Unity of the Cosmos.


The unity of the world is a corollary of the unity of God. The many gods of heathendom divided the world into many parts and domains, and made it appear as the battle-ground of hostile powers. The One God of the Bible renders earth and heaven, light and darkness, life and death one—a universe ruled by everlasting wisdom and goodness, the work of one great Designer and Ruler who foresees in the beginning what will be in the end, who arranges everything according to His sublime purpose (Gen. i. 1-31; Isa. xlv. 5-7, xlvi. 9-10, lv. 8-9; Ps. civ. 24; Prov. iii. 19, 20; Job xxviii. 24-27, xxxviii.). Therefore God's covenant with the world which He created makes night and day and the seasons of the year maintain their order. He has given earth and heaven and everything therein their laws which they can not transgress (Gen. viii. 22; Jer. xxxiii. 20; Job xxxviii. 33; Ps. civ. 9, cxlviii. 6). At the same time God is ever present in the world watching and sustaining everything (Isa. xl. 28, xli. 4; Ps. civ. 27-30, cxxxix. 16, cxlv. 15-16; see Providence). Every single act of God is part of His wondrous work (Job v. 9, xxxviii.; Ps. lxxvii. 15 [A. V. 14], xcvi. 3). Accordingly all miracles are manifestations of His omnipotence (Gen. xviii. 14; Ex. ix. 16; Num. xvi. 30). The grand conception of an all-controlling Power and Wisdom creating order everywhere, and working after one great design, attainable only upon the basis of Jewish monotheism, finally paved the way for the idea of an empire of law in nature. How far this unity and immutability of the laws of nature, fixed by the will of the Creator, are compatible with miracle is a question the difficulty of which was felt by the rabbis of the Mishnah (Ab. v. 6; and Gen. R. v.). "God at Creation fixed the conditions for certain creatures under which they should change their nature" (the passage was misunderstood by Weber, l.c. p. 202, as well as by the medieval Jewish philosophers; see Miracles).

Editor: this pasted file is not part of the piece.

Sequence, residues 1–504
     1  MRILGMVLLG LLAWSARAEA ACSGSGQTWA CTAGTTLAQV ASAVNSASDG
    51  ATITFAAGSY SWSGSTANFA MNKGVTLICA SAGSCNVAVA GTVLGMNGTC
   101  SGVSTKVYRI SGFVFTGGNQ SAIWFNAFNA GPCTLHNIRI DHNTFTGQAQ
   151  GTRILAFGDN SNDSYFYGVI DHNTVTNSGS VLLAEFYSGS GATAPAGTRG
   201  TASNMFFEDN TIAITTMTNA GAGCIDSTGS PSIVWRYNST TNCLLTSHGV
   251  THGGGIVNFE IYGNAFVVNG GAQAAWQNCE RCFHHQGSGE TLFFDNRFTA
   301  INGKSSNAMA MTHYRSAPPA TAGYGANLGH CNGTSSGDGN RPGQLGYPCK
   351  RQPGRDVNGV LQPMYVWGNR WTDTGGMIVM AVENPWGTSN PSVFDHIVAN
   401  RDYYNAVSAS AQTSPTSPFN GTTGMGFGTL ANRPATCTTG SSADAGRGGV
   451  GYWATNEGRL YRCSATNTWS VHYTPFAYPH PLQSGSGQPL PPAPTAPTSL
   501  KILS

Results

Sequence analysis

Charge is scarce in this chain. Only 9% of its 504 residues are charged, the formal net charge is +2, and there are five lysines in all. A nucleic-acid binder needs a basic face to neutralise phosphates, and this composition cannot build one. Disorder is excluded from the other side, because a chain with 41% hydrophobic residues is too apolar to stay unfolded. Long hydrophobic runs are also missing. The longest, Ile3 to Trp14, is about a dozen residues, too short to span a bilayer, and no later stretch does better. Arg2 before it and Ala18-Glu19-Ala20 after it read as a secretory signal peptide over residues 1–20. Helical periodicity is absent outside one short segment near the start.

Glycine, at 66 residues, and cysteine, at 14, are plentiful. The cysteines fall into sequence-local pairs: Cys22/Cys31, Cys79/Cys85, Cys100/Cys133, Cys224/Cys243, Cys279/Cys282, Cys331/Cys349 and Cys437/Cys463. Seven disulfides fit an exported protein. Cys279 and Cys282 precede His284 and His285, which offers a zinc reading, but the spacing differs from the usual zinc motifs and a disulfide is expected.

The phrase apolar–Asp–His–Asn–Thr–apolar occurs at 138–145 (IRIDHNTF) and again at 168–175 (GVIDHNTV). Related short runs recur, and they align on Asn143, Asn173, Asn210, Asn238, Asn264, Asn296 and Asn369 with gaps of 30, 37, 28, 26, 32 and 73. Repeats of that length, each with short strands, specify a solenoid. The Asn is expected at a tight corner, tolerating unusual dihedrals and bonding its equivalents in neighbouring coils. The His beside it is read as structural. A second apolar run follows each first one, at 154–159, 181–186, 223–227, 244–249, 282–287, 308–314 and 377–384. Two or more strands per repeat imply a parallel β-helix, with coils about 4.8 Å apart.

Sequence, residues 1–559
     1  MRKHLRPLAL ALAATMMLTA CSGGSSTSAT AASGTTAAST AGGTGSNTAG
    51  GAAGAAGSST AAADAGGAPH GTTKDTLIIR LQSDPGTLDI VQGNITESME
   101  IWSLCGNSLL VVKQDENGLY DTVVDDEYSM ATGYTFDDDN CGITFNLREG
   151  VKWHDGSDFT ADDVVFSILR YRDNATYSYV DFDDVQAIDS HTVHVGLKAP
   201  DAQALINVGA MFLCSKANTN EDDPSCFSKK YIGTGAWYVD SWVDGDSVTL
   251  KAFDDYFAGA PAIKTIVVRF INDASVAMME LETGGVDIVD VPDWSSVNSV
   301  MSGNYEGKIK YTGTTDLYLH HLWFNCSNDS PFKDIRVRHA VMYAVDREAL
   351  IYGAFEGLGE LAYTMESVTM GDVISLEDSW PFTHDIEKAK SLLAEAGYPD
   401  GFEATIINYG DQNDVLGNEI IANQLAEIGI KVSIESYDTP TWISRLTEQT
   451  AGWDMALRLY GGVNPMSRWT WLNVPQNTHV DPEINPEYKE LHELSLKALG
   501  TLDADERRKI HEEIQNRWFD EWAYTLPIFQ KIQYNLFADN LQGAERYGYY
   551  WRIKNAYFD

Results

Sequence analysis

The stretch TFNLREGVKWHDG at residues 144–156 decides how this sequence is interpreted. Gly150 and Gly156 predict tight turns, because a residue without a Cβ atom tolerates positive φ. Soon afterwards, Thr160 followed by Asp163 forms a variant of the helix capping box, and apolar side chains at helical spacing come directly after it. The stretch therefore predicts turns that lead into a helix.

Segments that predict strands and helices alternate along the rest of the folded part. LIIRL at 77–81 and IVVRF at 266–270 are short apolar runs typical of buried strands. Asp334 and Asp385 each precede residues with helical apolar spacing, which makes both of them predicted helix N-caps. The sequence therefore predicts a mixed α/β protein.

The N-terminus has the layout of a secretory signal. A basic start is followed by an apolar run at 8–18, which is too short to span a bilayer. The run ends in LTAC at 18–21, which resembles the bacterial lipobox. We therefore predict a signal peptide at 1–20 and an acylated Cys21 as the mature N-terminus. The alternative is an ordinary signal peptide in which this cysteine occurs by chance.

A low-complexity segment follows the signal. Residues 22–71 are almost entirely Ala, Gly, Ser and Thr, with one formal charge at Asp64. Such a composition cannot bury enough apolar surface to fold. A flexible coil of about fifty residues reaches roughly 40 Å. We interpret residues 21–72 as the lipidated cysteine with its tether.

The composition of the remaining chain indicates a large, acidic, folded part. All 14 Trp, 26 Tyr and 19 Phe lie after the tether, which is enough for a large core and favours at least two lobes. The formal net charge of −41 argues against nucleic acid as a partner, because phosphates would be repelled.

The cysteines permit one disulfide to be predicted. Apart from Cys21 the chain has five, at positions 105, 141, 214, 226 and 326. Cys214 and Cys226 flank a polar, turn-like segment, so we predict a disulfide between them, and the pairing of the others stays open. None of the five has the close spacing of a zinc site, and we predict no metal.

No Power of Evil.

At any rate, Judaism, while insisting upon the unity of God and His government of the world, recognizes alongside of God no principle of evil in creation. God has no counterpart either in the powers of darkness, as the deities of Egypt and Babylon had, or in the power of evil, such as Ahriman in the Zoroastrian religion is, whose demoniacal nature was transferred by the Gnostic and Christian systems to Satan. In the Jewish Scriptures Satan has his place among the angels of heaven, and is bound to execute the will of God, his master (Job i. 7); and though sin and death are occasionally ascribed to him (see Satan), he can seduce and harm only as far as God permits him, and in the end must work for good (B. B. 16a). "God is the Creator of light and darkness, the Maker of peace and of evil" (Isa. xlv. 7). Everything He made was found by Him to be very good (Gen. i. 31); "also death," says R. Meïr (Gen. R. ix.). "What the Merciful does is for the good" (Ber. 60b). Whatever evil befalls man has disciplinary value: it is intended for his higher welfare (Deut. viii. 5; Ps. xciv. 12; Ta'an. 21a: "Gam zu leṭobah").